BIRMINGHAM, Ala. (AP) — Alabama’s largest city will issue blanket pardons for more than 15,000 people with misdemeanor marijuana convictions dating back to 1990, Birmingham Mayor Randall Woodfin said Tuesday.
The pardons, linked to city court cases, are automatic, Woodfin said in an announcement made on April 20, a day that many associate with marijuana use.
Many people have a hard time finding work because of drug convictions, and Woodfin said the move would allow them to rejoin the workforce and provide for their families.
“Here’s why we’re doing this – no one should be held up by a single past mistake. No one should be denied job opportunities or freedoms due to missteps from the past,” he said in a statement.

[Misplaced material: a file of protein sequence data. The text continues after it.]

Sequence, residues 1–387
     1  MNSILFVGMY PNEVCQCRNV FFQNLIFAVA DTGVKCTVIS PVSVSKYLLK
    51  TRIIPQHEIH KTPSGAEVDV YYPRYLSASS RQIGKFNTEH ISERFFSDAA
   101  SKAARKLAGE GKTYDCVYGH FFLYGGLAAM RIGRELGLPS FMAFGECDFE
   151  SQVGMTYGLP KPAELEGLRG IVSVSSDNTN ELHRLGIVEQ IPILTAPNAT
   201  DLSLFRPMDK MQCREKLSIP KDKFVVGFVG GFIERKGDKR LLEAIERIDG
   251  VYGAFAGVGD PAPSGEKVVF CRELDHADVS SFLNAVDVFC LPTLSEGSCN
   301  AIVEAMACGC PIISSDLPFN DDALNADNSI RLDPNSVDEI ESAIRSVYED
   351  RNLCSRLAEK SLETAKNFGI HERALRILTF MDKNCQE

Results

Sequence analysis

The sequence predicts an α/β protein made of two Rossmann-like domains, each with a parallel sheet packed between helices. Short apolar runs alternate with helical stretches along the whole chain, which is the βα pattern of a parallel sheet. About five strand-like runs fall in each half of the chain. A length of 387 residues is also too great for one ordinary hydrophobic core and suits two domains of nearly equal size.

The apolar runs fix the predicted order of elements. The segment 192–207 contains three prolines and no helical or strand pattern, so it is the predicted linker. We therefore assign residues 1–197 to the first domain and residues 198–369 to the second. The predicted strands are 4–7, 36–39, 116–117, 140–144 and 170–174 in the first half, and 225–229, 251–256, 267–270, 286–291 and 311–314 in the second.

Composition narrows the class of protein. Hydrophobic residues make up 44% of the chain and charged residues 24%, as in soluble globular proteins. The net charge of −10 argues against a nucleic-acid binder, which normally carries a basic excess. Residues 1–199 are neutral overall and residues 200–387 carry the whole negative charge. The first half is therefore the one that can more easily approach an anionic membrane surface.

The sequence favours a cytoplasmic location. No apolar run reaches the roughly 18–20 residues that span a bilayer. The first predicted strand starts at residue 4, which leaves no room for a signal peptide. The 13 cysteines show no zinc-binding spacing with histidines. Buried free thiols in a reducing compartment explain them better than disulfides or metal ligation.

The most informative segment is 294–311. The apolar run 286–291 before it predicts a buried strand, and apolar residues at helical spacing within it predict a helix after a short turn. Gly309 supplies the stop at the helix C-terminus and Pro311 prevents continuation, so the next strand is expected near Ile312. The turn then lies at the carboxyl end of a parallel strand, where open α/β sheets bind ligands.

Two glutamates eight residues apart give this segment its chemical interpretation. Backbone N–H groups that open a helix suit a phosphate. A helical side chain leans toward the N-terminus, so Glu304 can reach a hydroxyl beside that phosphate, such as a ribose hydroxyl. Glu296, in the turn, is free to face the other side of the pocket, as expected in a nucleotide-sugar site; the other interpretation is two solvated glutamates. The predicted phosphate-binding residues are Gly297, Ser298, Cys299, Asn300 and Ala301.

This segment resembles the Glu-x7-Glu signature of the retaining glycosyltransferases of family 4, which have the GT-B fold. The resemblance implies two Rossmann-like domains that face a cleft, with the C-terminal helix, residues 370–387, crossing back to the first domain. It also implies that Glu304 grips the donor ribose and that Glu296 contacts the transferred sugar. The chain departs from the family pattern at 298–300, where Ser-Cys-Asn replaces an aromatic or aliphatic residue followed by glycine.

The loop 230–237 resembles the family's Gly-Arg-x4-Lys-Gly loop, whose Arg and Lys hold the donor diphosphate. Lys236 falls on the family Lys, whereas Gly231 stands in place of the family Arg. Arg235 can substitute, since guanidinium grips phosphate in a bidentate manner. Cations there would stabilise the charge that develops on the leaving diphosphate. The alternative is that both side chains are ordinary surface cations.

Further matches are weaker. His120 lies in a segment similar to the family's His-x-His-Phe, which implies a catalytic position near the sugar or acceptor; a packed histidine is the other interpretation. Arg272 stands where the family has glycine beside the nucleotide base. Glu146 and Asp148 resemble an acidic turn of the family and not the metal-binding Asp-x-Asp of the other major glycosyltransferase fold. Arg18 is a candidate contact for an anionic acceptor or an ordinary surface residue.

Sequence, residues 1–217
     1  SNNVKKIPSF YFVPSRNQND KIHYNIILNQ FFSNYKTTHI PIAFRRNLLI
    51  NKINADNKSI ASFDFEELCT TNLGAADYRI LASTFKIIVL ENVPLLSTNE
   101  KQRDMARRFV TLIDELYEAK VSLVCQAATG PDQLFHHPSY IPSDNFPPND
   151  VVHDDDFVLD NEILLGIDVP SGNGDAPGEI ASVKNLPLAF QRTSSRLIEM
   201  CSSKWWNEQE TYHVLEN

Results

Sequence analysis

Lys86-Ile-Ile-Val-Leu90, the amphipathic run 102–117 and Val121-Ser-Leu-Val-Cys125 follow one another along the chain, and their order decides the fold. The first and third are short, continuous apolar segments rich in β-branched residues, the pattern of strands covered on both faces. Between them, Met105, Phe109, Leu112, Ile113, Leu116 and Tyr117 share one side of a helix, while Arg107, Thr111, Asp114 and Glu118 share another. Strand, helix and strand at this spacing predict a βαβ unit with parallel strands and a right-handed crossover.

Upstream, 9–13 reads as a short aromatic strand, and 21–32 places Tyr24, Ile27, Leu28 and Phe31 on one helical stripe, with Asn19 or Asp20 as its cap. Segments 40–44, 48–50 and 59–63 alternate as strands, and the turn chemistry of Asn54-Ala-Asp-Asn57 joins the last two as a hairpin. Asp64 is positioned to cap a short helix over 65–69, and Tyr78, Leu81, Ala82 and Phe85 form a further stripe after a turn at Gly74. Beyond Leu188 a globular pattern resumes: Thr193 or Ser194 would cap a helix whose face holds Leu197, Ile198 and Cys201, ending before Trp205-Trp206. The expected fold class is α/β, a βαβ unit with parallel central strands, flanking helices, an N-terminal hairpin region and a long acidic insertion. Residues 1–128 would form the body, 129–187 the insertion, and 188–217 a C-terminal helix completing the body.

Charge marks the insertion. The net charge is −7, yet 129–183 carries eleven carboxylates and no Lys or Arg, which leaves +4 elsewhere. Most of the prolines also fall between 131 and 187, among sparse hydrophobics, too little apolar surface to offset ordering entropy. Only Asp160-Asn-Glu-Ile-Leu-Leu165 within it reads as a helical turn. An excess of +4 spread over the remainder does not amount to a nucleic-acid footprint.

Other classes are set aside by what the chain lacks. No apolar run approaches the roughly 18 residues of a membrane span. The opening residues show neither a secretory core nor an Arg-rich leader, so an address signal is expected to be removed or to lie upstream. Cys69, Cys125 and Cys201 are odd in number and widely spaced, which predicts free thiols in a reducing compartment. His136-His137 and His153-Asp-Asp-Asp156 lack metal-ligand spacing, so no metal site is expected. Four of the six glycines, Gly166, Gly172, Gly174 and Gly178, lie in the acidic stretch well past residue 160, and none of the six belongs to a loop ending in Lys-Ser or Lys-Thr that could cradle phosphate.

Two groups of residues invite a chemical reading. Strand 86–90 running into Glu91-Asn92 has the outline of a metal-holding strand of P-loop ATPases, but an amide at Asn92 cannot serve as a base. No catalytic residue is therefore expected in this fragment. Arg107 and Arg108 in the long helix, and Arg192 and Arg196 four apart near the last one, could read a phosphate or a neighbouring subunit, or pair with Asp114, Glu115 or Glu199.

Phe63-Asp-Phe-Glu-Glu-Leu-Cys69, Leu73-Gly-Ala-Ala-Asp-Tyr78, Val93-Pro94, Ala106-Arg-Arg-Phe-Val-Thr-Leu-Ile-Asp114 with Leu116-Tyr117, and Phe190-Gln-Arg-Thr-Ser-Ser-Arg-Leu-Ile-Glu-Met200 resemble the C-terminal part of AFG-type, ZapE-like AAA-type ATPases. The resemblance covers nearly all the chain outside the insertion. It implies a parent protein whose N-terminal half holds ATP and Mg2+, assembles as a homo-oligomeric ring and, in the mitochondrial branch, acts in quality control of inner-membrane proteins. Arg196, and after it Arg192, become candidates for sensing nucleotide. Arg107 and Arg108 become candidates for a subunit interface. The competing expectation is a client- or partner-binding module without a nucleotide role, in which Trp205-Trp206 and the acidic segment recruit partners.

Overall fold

The pardons will eliminate convictions for marijuana possession from criminal records from 1990 through 2020 but do not affect pending cases, said a news release. A pardon also does not cancel fines, fees or other costs linked to a marijuana conviction.
Legislative committees have approved a Republican-backed bill allowing marijuana for medical uses, putting the measure in line for a key vote in the Alabama House.